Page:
Update update: Our power came back on Tuesday afternoon. We had to throw away some food but it was, thankfully, just an inconvenience.
Update: This post was written around 8:30 Sunday evening. But at 8:43 we lost power at home. It’s still out and the recording on the power company’s phone line says that it may be a week or more before power is restored. Sigh. But, thankfully, having a foot-powered press means we can keep on printing!
Up in our northern corner of Connecticut, we, like many along the East Coast, spent the weekend preparing and then waiting for Hurricane Irene to do her worst. We prepared, of course, by making cocktails (Dark and Stormys since Hurricanes require way too many ingredients) and watching Key Largo. Tonight we’re listening to the last of the wind as the storm moves on. A few more hours of this and then we’re done, the forecasts say. Luckily, we didn’t feel much of the sting of the storm. No power loss, no trees down around us, a fairly dry basement, and the Shop is as we left it on Friday. Friends and family in the hurricane path are safe and sound, including those in Lucky Duck’s former Brooklyn home, on the edge of the NYC evacuation radius.
This morning we looked out and saw that our road was closed just beyond our driveway.
We walked down – as the eye of the storm passed over – to see why. It turns out that Irene helped the little river at the bottom of the hill become a not-so-little river and rise over the bridge, flooding the road.
Ultimately, our corner of the state was spared what could have been a great deal of destruction. This has everyone here talking about the famous (in these parts anyway) Flood of ’55. Even though it was before my time, the story of the flood is well known to me. The short version: In August of 1955 hurricanes Connie and Diane hit the state of Connecticut within five days of one another – Connie on the 13th and Diane on the 18th. As a result, southern New England and, specifically, northwest Connecticut experienced severe flooding on August 19th. Winsted – my home town and new location of my print shop – was one of the hardest (if not THE hardest) hit cities in the region.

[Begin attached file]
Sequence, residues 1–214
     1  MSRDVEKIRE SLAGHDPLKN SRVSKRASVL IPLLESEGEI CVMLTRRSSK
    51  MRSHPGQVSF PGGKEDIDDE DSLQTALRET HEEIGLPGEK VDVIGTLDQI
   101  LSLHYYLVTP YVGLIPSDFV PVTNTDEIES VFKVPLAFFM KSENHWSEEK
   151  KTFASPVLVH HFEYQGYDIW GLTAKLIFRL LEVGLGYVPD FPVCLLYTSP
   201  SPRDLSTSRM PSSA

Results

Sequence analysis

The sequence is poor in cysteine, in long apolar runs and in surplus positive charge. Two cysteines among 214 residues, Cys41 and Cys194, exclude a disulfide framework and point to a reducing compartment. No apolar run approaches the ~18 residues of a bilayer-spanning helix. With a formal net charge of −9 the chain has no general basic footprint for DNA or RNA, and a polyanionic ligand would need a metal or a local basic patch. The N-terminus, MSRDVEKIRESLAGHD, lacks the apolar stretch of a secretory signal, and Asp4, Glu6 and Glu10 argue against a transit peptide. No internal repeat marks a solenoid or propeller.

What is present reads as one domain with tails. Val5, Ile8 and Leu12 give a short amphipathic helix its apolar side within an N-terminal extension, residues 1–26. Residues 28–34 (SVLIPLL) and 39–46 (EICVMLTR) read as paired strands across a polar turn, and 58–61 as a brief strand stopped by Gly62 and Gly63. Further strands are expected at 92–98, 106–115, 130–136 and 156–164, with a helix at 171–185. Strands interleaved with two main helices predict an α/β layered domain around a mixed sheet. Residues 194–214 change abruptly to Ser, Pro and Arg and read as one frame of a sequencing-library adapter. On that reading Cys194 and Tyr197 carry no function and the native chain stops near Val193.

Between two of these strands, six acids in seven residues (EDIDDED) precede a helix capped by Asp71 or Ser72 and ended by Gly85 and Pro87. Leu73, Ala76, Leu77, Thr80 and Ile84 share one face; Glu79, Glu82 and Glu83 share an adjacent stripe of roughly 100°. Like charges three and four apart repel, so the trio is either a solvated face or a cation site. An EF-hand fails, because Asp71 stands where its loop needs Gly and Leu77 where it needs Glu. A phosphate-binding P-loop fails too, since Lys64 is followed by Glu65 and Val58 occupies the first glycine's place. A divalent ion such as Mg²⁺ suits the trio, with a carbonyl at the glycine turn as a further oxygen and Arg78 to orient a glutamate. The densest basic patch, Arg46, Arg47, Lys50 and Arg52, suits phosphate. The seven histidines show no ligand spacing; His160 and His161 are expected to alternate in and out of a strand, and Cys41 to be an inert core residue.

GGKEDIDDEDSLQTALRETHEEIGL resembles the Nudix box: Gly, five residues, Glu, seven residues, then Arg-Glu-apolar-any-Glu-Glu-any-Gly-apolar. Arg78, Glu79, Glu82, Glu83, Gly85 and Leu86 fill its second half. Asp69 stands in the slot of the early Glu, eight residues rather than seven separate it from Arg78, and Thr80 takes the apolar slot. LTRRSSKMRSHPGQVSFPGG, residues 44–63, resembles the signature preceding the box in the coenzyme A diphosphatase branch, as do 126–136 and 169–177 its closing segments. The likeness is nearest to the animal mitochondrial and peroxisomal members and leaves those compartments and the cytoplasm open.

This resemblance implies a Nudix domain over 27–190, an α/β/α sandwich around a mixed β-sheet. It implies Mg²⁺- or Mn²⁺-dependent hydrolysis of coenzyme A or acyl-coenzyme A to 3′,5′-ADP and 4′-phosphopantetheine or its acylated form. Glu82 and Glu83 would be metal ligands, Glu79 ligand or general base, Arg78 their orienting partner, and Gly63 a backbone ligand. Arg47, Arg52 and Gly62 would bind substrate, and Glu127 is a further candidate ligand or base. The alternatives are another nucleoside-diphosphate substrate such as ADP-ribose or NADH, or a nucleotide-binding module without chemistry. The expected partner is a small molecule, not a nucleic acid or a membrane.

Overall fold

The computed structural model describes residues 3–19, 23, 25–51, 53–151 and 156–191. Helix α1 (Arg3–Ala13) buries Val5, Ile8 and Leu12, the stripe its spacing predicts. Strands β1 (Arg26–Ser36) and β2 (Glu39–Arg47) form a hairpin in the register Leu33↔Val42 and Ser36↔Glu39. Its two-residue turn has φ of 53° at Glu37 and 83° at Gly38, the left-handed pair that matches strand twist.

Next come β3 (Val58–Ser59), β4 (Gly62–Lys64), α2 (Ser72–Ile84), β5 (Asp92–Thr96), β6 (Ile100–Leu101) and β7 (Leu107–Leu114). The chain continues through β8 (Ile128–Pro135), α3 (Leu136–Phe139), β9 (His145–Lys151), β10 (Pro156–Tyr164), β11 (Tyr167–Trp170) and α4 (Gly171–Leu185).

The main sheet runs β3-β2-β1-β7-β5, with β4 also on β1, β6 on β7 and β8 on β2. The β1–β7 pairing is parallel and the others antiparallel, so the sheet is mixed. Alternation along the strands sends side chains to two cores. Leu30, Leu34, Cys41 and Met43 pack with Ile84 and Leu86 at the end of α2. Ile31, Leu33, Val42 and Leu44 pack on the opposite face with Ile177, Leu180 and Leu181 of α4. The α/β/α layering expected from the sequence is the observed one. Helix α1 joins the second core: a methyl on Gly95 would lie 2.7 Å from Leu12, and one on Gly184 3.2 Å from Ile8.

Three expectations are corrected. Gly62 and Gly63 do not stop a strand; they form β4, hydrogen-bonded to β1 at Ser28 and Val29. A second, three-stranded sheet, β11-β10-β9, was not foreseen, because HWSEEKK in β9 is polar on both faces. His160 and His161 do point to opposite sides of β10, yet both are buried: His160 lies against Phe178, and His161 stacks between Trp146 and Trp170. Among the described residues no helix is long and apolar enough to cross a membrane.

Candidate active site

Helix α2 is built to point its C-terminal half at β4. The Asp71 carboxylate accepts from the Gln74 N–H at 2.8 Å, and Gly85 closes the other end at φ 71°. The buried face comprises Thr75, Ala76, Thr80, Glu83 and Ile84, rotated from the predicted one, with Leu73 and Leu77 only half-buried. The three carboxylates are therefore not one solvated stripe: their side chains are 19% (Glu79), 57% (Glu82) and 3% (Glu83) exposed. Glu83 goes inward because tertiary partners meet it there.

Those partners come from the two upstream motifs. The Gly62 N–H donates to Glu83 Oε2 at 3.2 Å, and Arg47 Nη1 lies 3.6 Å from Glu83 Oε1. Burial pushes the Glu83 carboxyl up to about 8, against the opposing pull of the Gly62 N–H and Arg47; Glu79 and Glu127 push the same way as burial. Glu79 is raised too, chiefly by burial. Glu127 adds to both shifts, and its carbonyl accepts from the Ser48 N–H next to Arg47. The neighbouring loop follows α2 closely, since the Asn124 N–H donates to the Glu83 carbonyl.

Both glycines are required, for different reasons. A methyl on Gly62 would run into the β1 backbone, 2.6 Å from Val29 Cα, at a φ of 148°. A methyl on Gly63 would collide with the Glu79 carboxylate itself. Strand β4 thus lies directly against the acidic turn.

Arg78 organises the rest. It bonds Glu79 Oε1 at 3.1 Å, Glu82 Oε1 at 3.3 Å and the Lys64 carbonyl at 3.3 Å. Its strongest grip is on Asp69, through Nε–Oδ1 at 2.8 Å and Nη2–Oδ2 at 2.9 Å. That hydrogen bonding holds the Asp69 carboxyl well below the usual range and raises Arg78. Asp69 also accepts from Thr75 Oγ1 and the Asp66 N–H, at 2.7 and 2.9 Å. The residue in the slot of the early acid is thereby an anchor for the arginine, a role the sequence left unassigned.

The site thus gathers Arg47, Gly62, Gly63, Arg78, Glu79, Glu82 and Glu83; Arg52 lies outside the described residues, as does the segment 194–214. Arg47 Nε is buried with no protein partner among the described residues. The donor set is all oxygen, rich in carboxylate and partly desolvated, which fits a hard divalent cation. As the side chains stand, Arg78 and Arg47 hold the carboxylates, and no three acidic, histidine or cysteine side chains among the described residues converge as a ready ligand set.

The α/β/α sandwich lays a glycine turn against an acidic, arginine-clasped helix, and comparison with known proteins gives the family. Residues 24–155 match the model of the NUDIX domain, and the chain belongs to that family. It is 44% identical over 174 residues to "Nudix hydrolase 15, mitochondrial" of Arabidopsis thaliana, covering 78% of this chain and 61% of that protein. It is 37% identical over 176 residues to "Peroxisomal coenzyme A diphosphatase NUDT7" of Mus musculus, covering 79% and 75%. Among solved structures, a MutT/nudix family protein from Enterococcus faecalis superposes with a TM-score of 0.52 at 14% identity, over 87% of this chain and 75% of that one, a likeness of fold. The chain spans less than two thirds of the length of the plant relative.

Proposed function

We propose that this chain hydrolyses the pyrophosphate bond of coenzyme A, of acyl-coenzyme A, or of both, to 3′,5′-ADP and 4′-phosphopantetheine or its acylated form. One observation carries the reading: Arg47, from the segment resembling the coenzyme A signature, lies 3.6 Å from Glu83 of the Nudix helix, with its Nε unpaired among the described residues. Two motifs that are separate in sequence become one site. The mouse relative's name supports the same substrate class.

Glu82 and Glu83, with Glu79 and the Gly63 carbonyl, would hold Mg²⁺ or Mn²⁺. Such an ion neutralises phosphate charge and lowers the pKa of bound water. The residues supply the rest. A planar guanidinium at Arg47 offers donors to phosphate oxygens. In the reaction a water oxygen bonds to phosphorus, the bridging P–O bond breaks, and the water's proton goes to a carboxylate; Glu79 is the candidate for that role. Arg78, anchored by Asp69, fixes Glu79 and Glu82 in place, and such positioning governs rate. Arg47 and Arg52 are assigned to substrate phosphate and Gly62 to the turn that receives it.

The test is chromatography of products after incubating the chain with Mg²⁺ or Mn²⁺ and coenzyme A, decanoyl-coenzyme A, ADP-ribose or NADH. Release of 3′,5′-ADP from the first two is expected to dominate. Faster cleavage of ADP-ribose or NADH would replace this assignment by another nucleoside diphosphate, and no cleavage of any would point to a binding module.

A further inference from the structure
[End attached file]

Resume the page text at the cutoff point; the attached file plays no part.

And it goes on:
The building that housed my great-grandfather’s shop and is now the home to Lucky Duck Press was one of the lucky ones that survived the force of the Mad River – not usually so irate – barreling down its channel alongside Main Street. One reason the Shop avoided destruction was the diversion of the water by the toppled wood structures nearby.
This is a picture of what the Mad River looked like this morning, with Main Street on the left and the Shop building to the right. The water is typically about three feet lower than the three white marks at the water line on the concrete wall.
And this is a picture after the flood in 1955. The Shop is to the left of center, the building still standing. The Bannon Building, in ruins on the right, is the one that helped divert the water and save the Shop. The people are standing on the north side of Main Street and the river is just beyond it.
Lastly, an aerial view of the Shop, the river, and Main Street. The Shop is at the right of the frame with the flattened Bannon Building to its left. (You can also see the old railroad station, across the street from the Shop, in the bottom right of the photo.)
For anyone still dealing with the hurricane, now tropical storm, and its aftermath please be safe!